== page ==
1969 Chevelles were billed as "America's most popular mid-size car." They showed only minor changes for 1969, led by revised front-end styling. A single chrome bar connected quad headlights (which became a familiar Chevrolet trademark) with a revised front grille, now cast in ABS plastic, and a slotted bumper held the parking lights. Taillight lenses were larger and more vertical, flowing into the quarter panels. Smaller side marker lighting bezels were phased in (shared with the Camaro and using the lens assembly as the previous year). Front vent windows (hardtop and convertibles only) began to fade away now that Astro Ventilation (first introduced on the 1966 Buick Riviera which was used a year earlier on the Camaro and Caprice) was sending outside air into several Chevelle models. The Chevelle lineup slimmed down to Nomad, 300 Deluxe/Greenbrier, Malibu/Concours, and Concours Estate series, and the base 300 series was history. No longer a series of its own, the SS 396 turned into a $347.60 option package for any two-door model. That meant not just a convertible, sport coupe, or pickup, but even the pillared coupe and sport coupe in the lower-rent 300 Deluxe series (except the base 300 Deluxe El Camino pickup). Fewer SS396-optioned 300 Deluxe coupes and sport coupes were built than their Malibu counterparts and they are solid gold for collectors. The Super Sport option included a 325-horsepower 396-cubic-inch V8 beneath a double-domed hood, along with a black-out grille displaying an SS emblem and a black rear panel. More potent editions of the 396 engine also made the options list, developing 350 or 375 horsepower (280 kW). SS396s produced from this point on shared the same VIN prefix with the Malibu sport coupe (136), with the exception of the 300 Deluxe based SS396s using (134), where the original buildsheet and/or Protect-O-Plate (which is an aluminum tag included with the original sales invoice from Chevrolet dealers) can ID a genuine SS (especially for a numbers matching original which is unaltered); however, the VIN number alone cannot ID a genuine SS as in previous years. Around an estimated 323 Chevelle 2-door hardtops were fitted with an L72 427 cu in (7.0 L) rated at 425 bhp (431 PS; 317 kW) at 5,800 rpm and 460 lb⋅ft (624 N⋅m) at 4,000 rpm of torque, where some Chevrolet dealers used the Central Office Production Order (this also included some Camaros and Novas of the same model year) - some COPOs were sold through select Chevrolet dealerships and out of the 323 COPO orders, a confirmed 99 were sold through the Yenko Chevrolet dealership in Canonsburg, PA. During the 1969 model year a police package (RPO B07) was available on the Chevelle 300 Deluxe 4-door sedan where some were optioned with the RPO L35 (396) motor along with a boxed frame (also shared with fleet orders e.g. taxicabs and rental cars); at the time the police option was reintroduced since the 1964/65 model years (at the time midsize squads came with economy powertrain usually in the case of the Chevelle a third generation Chevrolet inline six. The 300 Deluxe squads was not a sales success since the market was dominated by rival manufacturer Chrysler Corporation where its B platform (and its full sized sedans) outsold its competitors. Chevelle station wagons came in three levels: Concours, Nomad, and Greenbrierthe last a badge formerly used on the Corvair van. A new dual-action tailgate operated either in the traditional manner or as a panel-type door. Wagons stretched 208 inches (5,300 mm) overall versus 197 inches (5,000 mm) for coupes. Also the Concours option package (ZK5, ZK6, and ZK7) from the previous year was continued. New round instrument pods replaced the former linear layout. Chevelle options included headlight washers, power windows and locks, and a rear defroster. Chevy's midsize production rose this year. About seven percent of all Malibus had a six-cylinder engine, while about 86,000 came with the SS 396 option. All 1969 Chevelles had a new locking steering column one year ahead of the Federal requirement, and headrests required for all cars sold in the U.S. after January 1, 1969.American Dream Machines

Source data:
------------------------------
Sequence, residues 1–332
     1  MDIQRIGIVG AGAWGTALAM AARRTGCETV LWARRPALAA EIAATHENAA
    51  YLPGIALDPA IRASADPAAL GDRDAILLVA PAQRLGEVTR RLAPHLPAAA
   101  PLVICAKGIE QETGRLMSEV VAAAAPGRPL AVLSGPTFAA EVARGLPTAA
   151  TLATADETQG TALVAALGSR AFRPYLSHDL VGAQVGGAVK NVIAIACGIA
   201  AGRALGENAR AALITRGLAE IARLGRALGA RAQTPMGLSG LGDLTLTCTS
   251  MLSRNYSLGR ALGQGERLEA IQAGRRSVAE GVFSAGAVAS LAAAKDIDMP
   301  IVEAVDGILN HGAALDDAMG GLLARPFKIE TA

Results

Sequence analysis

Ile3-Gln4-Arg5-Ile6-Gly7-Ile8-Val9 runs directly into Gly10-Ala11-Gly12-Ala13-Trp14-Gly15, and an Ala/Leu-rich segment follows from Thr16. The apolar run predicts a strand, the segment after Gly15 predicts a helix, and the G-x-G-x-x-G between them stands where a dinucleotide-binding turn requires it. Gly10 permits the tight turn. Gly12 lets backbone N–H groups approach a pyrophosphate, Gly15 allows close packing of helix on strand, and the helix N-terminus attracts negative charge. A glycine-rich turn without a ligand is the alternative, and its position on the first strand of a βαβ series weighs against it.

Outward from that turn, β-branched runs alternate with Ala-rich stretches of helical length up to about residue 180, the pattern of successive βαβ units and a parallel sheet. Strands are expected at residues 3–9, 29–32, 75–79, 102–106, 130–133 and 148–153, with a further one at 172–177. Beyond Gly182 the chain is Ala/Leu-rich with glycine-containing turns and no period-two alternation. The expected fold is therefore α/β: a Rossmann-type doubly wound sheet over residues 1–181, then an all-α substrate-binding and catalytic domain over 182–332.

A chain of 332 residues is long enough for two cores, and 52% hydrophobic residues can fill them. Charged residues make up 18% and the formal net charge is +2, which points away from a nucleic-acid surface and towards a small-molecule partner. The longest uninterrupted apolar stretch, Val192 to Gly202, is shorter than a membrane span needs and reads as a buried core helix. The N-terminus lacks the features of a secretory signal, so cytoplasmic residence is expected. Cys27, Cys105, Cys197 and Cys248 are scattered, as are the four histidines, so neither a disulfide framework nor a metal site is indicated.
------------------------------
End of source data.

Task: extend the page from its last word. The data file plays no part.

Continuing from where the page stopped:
At American Dream Machines, we typically have over 100 quality classic cars and trucks in stock and for sale. We have everything from Corvettes to Cadillacs, Camaros, Mustangs, Mopars, GTOs, Chevelles, Bel Airs, Blazers and exotic sports cars. Our classics and muscle cars range from the 1950s to the 1970s. Our inventory is diverse and continuously changing and always growing! Our #1 Goal is to make you, our customer happy with the American classic and muscle cars we offer. We highly recommend that ALL CUSTOMERS call our knowledgeable, experienced staff and with Midwest values and have very detailed discussions regarding overall condition of any of our classics that you are considering getting in the drivers seat of. Our phone number is (515)-245-9100 and we are centrally located in the heartland of America, in Des Moines Iowa. American Dream Machines occupies the historic 41,000 square foot Packard Dealership. We are one of the largest full service classic car dealerships in the Midwest. We have over 10 active Mechanic hoists, a body shop and detail bays that are used by our technicians to inspect, repair, upgrade and detail our cars so that they are ready to be delivered to your driveway. Please give us a call and we will be happy to help get your dream car to almost any location worldwide! ALL OF OUR PICTURES AND VIDEOS ARE REAL, ALL THE WAY AROUND! We photograph our cars in our professional photo studio for the best possible image accuracy and representation of the cars. We do this because of our commitment to the authenticity and quality of the cars that we sell and the commitment to our customers.